Everyone has favorites from this list. But everyone differs, including the “experts.” Some people think we have negative rates because central bankers want them, some think it’s because the market sets them, and some think it’s some of each. “Did interest rates fall, or were they pushed?” asks Grant’s. Given all the above, no one should feel the reasons for negative rates are fully understood.
The Impact of Negative Rates
A quote attributed to Albert Einstein in various forms is relevant to this discussion.
Compound interest is the 8th wonder of the world. He who understands it, earns it; he who doesn’t, pays it. (RateCity)
Under compound interest, by not withdrawing interest as it is earned, not only does an investor earn interest on his principal year after year (as with simple interest), but each year he also earns interest on the interest that was earned in the preceding years. Thus principal can grow powerfully if left invested for a long period. (At 10%, $100 grows to $300 in 20 years under simple interest, but to $673 if allowed to compound.) What a wonder!
There’s one problem, however. The miracle of compound interest works in reverse if the interest rate is negative, making Einstein wrong about its virtue. Who would want to reinvest income at negative rates? And where would income come from for that purpose?
It’s not just Einstein’s observation that may be rendered invalid. Negative rates turn a lot of the usual processes upside down. Here are several examples:
- Negative rates make life more difficult in a TINA (“there is no alternative”) world. Many investors don’t want to knowingly sign on for negative rates. That makes risky investments preferable, even if they promise historically low prospective returns. In this way, risk aversion is discouraged. “I have no choice but to go into risky assets, because I can’t accept a negative return on safe ones.”
There is clear evidence that this is happening among institutional investors. The flow of pension fund money into any asset that promises to beat zero-rate bonds has been so dramatic that equities, junk bonds, property, private equity and a host of other more abstruse areas of investment have spiraled in value – and to such an extent that they look highly vulnerable to any shock . . .” (Financial Times, August 5)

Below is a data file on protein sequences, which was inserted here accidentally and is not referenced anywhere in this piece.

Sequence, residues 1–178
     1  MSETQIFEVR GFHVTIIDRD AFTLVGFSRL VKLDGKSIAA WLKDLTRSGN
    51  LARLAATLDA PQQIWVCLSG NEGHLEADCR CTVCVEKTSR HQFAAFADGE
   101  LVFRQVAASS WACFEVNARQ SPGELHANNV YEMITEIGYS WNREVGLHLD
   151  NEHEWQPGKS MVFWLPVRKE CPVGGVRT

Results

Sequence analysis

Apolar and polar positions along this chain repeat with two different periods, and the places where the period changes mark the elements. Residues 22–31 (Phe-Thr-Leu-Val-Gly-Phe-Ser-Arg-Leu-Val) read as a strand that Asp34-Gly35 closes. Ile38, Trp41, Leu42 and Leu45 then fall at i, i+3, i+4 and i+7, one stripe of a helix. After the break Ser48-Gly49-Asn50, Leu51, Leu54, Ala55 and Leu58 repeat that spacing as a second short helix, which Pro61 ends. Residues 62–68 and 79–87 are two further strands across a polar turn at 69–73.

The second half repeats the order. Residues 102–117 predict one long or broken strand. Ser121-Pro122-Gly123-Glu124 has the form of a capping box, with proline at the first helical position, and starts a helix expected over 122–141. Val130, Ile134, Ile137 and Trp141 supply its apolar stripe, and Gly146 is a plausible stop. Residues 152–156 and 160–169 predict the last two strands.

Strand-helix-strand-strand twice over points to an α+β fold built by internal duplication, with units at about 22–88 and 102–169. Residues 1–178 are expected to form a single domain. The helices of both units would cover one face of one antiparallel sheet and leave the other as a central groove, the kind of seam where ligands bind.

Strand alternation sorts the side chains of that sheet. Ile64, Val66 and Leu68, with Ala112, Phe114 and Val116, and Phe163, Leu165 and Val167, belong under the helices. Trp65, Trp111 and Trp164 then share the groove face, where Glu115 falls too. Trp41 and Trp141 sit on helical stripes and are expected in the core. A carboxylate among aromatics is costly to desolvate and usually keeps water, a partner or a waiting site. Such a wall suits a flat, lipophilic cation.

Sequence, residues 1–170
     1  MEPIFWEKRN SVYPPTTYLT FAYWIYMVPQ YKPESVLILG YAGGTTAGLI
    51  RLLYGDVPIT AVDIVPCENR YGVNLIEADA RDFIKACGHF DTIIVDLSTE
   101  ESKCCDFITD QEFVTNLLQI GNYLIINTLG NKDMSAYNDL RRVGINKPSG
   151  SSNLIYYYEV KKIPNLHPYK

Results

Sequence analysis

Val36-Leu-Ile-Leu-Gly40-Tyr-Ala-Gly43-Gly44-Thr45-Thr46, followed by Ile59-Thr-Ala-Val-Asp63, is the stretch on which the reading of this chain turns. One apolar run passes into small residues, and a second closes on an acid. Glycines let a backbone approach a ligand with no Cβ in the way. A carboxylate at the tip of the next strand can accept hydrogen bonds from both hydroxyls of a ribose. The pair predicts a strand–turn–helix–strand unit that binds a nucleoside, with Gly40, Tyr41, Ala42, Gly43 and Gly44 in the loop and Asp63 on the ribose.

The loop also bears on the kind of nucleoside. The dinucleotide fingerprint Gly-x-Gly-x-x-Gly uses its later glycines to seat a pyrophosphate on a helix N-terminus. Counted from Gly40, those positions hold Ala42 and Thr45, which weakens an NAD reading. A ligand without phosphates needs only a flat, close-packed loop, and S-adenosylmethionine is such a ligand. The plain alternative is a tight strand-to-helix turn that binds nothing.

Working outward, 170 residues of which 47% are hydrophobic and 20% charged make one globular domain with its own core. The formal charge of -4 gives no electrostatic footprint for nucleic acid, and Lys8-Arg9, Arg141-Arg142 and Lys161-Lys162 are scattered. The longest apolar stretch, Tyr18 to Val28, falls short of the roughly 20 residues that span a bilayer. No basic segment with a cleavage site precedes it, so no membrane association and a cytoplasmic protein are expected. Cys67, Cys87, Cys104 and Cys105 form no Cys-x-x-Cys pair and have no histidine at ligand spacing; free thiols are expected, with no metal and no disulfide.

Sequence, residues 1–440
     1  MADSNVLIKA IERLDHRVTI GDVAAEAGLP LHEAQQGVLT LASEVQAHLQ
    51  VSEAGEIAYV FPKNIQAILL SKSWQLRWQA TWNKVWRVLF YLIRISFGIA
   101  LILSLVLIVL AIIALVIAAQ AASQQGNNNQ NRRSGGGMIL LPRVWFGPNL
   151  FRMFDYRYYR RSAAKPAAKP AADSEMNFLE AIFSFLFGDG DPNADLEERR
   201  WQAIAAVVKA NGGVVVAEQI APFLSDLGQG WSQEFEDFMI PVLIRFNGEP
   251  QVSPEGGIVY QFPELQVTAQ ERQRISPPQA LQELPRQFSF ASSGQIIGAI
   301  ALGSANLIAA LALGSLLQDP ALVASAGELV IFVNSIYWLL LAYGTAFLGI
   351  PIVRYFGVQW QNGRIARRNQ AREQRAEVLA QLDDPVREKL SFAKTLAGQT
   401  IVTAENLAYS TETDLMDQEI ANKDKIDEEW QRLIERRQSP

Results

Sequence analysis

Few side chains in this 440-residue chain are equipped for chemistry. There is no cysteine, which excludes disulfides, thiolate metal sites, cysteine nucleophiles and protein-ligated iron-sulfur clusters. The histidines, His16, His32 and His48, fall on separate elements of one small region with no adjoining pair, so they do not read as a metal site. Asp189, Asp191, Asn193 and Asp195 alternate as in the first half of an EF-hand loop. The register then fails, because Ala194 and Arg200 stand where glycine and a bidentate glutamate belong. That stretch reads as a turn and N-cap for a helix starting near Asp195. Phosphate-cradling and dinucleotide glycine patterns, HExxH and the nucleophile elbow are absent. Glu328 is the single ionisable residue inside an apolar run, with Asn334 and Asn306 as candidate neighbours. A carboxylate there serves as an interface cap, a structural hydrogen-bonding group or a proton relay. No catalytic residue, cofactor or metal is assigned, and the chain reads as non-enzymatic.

Proof? What about the fact that in early July, a €3 billion offering of Italian sovereign bonds maturing in 2067(!) was almost six times oversubscribed thanks to its lavish 2.877% yield? What a bonanza Italy was at the time, with a 10-year bond out-yielding Germany’s 10-year by 215 basis points, 1.78% to -0.37%.
- There’s no longer any reason to pay slowly in order to make money on “float.”
- In the old days, people paid their bills on the last possible day, preferring to keep the money in the bank and earn interest as long as possible. Under negative rates they may prefer to pay sooner.
- Many insurers traditionally have made money primarily because they paid claims years after they collected the premiums on the policies they issued. What happens if it costs them money to hold float until claims are paid?
- Likewise, there’s no impetus to collect receivables quickly. In the past, wholesale customers were offered discounts for paying bills early. Now the seller might say, “No, you keep it. I’d rather you paid me in six months.”
- Negative rates put pressure on people, such as retirees, who live on the income from their investments.